lakey

  • Member
  • Posts: 967
Re: Just to be clear: you're not invited to the reception.
« Reply #4 on: November 22, 2016, 03:14:08 PM »
Quote
Technically, if the ceremony is in a public place - park, church, whatever - anyone can attend the ceremony.

This is especially true in the Catholic Church. In the old days parish members would go to weddings of other parishioners, not the reception, just the Mass. People don't do that much anymore.

I think that sending someone an invitation and telling them that they aren't invited to the reception is rude. This looks like a gift grab to me. If you want to have a small wedding, then have a small wedding, but this makes it sound like they are trying to save money on the food and drinks.

sammycat

  • Member
  • Posts: 7934
Re: Just to be clear: you're not invited to the reception.
« Reply #5 on: November 22, 2016, 04:25:28 PM »
Breathtakingly rude. I wouldn't attend, nor would I give them a present.

It was also rude to invite this person (and any others to whom the non-wedding invitation was extended) to a shower when they had no intention of inviting them to the full wedding/reception later on.

Moonie

  • Member
  • Posts: 553
Re: Just to be clear: you're not invited to the reception.
« Reply #6 on: November 22, 2016, 04:26:57 PM »
If a gift was already given at the shower, I'd give them exactly what they requested in their "unvitation"....prayers.

greencat

  • Member
  • Posts: 3899
  • Trap...Neuter...What was that third thing again?
Re: Just to be clear: you're not invited to the reception.
« Reply #7 on: November 22, 2016, 09:26:31 PM »
I think the only real determining factor in whether or not a gift should be given is if you feel warmly enough toward the couple that you want to give them a gift.

Now, the rudeness of being given an invitation like the one the OP's friend got could easily push the friendliness gauge down into the cool, "I don't feel like giving a gift," zone, for someone who is already not that close an acquaintance.


katycoo

  • Member
  • Posts: 4204
Re: Just to be clear: you're not invited to the reception.
« Reply #8 on: November 23, 2016, 03:12:31 AM »
So, in my neck of the woods, a ceremony only invitation is usually unnecessary in that its at a public venue (church/park) but you want to reassure those people such as friends' parents or church members who don't really expect to be invited to the wedding that they are welcome to the ceremony.  I do think adding the end sentence is odd.  And I would never expect a gift from anyone not actually invited to the reception.

MariaE

  • Member
  • Posts: 5055
  • So many books, so little time
Re: Just to be clear: you're not invited to the reception.
« Reply #9 on: November 23, 2016, 03:35:18 AM »
With a small twist this is quite common in Denmark. However, the twists makes a huge difference.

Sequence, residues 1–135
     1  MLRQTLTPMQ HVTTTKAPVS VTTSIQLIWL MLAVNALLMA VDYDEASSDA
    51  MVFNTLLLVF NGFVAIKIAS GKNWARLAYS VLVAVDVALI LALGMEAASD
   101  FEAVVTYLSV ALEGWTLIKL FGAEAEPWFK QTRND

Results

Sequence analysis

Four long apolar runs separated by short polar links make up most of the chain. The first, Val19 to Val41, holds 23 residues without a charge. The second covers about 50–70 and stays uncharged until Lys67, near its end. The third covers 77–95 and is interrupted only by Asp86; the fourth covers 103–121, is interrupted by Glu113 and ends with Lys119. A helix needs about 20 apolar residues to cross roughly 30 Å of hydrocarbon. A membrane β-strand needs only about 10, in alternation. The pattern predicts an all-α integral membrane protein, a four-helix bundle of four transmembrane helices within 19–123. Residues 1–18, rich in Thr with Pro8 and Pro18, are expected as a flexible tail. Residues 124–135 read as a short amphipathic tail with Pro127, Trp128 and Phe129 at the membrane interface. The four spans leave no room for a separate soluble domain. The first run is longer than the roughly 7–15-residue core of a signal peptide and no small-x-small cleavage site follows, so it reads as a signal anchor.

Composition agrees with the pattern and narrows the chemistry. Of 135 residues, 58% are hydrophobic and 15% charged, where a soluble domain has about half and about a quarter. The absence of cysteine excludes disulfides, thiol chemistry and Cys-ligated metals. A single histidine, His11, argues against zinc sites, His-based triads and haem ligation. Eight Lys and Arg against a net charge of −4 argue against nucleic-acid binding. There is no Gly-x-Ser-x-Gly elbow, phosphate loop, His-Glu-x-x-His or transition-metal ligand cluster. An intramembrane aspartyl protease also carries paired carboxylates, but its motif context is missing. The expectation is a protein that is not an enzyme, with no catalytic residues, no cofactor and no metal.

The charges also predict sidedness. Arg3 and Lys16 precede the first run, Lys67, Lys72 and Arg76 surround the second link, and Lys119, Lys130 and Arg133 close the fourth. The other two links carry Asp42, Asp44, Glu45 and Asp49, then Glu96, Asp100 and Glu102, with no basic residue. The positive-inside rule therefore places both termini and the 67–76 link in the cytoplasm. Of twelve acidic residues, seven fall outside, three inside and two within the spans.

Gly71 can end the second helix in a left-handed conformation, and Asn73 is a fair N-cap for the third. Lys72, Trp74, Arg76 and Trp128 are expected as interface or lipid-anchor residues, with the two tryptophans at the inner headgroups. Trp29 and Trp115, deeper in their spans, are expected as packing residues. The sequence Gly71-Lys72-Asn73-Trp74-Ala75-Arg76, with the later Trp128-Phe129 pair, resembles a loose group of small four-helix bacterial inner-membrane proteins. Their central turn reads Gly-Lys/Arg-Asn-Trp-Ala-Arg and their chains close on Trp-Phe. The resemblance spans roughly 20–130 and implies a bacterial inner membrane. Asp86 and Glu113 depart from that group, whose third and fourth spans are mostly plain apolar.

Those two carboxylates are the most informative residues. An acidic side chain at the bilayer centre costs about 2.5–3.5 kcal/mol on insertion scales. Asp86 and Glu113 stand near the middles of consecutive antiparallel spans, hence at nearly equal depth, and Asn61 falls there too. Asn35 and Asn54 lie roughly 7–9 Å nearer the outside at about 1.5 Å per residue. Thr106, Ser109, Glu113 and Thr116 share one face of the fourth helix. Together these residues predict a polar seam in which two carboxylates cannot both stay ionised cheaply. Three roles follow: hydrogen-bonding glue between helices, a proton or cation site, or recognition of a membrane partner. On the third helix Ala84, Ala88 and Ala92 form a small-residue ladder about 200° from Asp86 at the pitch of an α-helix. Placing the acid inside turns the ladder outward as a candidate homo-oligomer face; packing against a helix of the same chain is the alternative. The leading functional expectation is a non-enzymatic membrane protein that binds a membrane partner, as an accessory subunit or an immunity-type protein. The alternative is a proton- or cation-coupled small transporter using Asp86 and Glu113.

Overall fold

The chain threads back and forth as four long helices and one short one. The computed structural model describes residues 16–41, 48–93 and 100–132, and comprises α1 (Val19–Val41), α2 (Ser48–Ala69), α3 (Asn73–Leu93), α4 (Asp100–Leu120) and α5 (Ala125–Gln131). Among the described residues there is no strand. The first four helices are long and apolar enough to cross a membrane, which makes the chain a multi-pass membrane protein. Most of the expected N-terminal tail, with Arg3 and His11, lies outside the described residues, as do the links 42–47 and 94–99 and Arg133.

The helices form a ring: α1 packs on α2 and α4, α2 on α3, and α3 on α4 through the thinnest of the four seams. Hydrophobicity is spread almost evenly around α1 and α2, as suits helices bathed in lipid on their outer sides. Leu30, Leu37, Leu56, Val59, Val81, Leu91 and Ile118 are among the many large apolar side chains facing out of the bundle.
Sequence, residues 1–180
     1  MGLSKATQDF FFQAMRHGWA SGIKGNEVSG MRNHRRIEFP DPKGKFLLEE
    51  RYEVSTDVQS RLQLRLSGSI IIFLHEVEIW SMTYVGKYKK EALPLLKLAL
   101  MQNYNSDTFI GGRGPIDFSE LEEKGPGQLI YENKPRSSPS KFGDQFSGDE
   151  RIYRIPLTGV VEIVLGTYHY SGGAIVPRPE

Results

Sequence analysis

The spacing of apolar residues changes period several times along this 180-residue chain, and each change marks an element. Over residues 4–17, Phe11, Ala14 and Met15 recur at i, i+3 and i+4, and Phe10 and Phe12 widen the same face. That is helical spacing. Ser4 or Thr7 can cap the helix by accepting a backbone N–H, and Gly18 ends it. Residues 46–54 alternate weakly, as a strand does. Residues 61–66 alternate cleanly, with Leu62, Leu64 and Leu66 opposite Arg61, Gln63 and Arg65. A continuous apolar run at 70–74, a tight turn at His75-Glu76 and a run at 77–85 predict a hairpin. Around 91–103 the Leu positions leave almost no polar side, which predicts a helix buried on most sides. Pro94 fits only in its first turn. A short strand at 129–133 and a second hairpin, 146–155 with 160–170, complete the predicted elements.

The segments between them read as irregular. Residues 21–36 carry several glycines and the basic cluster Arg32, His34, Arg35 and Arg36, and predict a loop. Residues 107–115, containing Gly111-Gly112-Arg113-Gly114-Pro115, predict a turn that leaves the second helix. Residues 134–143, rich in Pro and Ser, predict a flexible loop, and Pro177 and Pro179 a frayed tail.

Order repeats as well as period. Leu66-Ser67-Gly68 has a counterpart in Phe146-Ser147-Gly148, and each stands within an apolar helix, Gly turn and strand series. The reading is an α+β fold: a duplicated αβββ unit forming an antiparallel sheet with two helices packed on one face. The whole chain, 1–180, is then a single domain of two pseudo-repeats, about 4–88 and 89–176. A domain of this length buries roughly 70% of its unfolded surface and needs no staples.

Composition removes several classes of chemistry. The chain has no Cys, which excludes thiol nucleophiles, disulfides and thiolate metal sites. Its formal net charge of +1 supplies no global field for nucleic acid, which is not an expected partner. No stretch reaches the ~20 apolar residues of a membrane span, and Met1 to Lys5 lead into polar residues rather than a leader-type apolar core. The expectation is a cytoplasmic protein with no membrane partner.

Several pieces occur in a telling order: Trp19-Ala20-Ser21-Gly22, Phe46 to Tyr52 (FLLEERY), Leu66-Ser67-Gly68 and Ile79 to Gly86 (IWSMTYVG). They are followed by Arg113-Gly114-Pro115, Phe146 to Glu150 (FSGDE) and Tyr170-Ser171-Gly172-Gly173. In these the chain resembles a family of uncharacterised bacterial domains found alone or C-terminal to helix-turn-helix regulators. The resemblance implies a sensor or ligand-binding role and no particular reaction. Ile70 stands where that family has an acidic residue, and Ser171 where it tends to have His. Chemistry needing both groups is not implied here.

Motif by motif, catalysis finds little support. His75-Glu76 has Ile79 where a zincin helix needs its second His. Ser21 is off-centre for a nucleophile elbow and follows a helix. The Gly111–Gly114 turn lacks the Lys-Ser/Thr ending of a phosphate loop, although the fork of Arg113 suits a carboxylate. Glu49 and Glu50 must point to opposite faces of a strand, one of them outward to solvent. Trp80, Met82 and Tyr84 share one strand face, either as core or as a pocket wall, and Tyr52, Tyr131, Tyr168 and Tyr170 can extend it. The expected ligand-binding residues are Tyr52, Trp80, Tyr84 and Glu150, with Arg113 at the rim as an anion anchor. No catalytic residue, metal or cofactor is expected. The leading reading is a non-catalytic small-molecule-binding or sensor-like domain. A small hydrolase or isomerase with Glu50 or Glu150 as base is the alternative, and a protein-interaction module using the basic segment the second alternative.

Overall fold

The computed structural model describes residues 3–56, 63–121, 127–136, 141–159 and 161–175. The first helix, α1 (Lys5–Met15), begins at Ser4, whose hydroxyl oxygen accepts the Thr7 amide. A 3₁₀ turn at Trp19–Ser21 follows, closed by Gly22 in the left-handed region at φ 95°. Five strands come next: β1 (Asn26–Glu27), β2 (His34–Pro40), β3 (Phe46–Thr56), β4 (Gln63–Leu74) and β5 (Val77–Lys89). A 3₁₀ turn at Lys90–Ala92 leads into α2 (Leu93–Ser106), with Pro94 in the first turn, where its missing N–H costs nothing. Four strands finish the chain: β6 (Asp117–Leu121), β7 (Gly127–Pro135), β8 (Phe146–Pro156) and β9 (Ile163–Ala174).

A traditional Danish wedding is split up into three parts: the wedding ceremony itself, a standing reception (usually with drinks and chips, finger foods and/or cake served), and a (semi-)formal dinner.

It is completely acceptable to invite people to just the ceremony and the reception, without inviting them to the following dinner.

But of course, it's the reception that makes all the difference, as it still provides the guests with some level of hosting, even though it usually is quite low-key. It also allows the HC to mingle and talk to guests who won't be at the following dinner.

I guess technically it's an A-List/B-List situation, but it's been the norm here for so long, that nobody ever questions it. And at the end of the day it means that a "ceremony only" invitation would implicitly include this reception as well.

I'm probably giving the couple in the OP too much credit, but if they have a similar setup for the ceremony (so it's not just "service ends, go home"), then I have no problems with a ceremony-only invitation and would personally be happy to bring a gift, just like I would if I had been invited to the whole shebang.
 
Dane by birth, Kiwi by choice

Chez Miriam

  • Member
  • Posts: 2088
Re: Just to be clear: you're not invited to the reception.
« Reply #10 on: November 23, 2016, 05:15:29 AM »
I think the only real determining factor in whether or not a gift should be given is if you feel warmly enough toward the couple that you want to give them a gift.

Now, the rudeness of being given an invitation like the one the OP's friend got could easily push the friendliness gauge down into the cool, "I don't feel like giving a gift," zone, for someone who is already not that close an acquaintance.

This.  The friend is self-distancing themselves from the "gift zone", in effect.

If the OP's friend still feels like sending (another!) gift, of course they can do that, too, but I very rarely feel the need to send a wedding gift to a reception where I'm not invited.
"All shall be well, and all shall be well, and all manner of thing shall be well."  - Julian of Norwich

YummyMummy66

  • Member
  • Posts: 1176
Re: Just to be clear: you're not invited to the reception.